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Interpreting Quebec’s Exile Within the Federation

Selected Political Essays


Guy Laforest

This book combines the approaches of political theory and of intellectual history to provide a lucid account of Québec’s contemporary situation within the Canadian federation.
Guy Laforest considers that the province of Québec, and its inhabitants, are exiled within Canada. They are not fully integrated, politically and constitutionally, nor are they leaving the federation, for now and for the foreseeable future. They are in between these two predicaments. Laforest provides insights into the current workings of the Canadian federation, and some of its key figures of the past fifty years, such as Pierre Elliott Trudeau, René Lévesque, Stephen Harper and Claude Ryan.
The book also offers thought-provoking studies of thinkers and intellectuals such as James Tully, Michel Seymour and André Burelle. Laforest revisits some key historical documents and events, such as the Durham Report and the 1867 and 1982 constitutional documents. He offers political and constitutional proposals that could contribute to help Québec moving beyond the current predicament of internal exile.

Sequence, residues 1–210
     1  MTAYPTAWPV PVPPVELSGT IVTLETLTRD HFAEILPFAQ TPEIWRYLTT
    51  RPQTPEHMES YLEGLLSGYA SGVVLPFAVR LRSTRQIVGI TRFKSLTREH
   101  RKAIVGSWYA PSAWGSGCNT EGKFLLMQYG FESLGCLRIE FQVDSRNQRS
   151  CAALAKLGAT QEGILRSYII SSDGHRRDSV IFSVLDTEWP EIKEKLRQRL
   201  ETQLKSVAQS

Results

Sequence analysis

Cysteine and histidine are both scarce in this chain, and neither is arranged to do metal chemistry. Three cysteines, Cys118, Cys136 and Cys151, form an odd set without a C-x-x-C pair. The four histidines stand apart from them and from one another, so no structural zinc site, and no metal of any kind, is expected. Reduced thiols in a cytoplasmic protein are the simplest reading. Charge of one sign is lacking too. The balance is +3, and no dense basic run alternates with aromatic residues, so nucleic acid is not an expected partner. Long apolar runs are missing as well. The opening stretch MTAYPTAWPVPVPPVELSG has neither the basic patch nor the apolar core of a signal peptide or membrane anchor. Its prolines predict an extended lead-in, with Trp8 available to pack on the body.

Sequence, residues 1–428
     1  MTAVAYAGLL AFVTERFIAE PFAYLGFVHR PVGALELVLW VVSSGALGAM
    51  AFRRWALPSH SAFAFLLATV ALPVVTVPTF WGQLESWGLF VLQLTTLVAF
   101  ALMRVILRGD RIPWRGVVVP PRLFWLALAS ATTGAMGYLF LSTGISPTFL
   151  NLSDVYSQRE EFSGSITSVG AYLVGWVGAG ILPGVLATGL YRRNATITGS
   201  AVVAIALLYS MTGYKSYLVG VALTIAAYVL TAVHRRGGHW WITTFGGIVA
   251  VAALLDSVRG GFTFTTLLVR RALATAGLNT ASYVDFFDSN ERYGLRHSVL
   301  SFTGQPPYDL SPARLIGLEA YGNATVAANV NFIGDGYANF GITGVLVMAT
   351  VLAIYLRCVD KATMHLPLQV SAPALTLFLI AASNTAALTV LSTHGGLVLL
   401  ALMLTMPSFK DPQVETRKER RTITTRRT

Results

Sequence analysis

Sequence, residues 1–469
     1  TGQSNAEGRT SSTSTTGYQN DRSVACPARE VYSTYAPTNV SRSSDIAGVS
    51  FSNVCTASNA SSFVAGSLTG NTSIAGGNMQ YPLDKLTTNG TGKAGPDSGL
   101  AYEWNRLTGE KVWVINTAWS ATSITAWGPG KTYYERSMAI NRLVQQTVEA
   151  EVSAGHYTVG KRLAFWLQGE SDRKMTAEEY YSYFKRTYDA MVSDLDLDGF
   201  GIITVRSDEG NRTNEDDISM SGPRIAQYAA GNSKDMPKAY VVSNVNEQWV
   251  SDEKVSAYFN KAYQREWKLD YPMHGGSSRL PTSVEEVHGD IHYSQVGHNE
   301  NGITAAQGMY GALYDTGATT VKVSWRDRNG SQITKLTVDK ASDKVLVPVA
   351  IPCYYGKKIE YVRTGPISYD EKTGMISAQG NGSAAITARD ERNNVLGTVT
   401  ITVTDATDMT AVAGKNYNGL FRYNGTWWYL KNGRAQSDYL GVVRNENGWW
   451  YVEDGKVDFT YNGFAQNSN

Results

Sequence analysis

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Chapter 3: Making Sense of Canada as a Federal System: The Relevance of Historical Legacies


← 38 | 39 → CHAPTER 3

Making Sense of Canada as a Federal System

The Relevance of Historical Legacies

In honour of the late Richard SIMEON (1943-2013)

In philosophy, law, history, sociology, and political science, mostly in English and French, an incredibly vast bibliography exists on the Canadian federal system, the Canadian state, and the historical and political identities of Canada and Québec. I will start this chapter with four general approaches (sometimes visions, sometimes past historical contributions) about the nature of the Canadian state and of the Canadian political identity. I supplement this introductory sketch with a brief enumeration and discussion of the most important years or periods that are essential to understanding the foundation or re-foundation of Canada. This preliminary sketch leads to, and helps make sense of, the four interrelated historical legacies that I wish to discuss in this chapter.1

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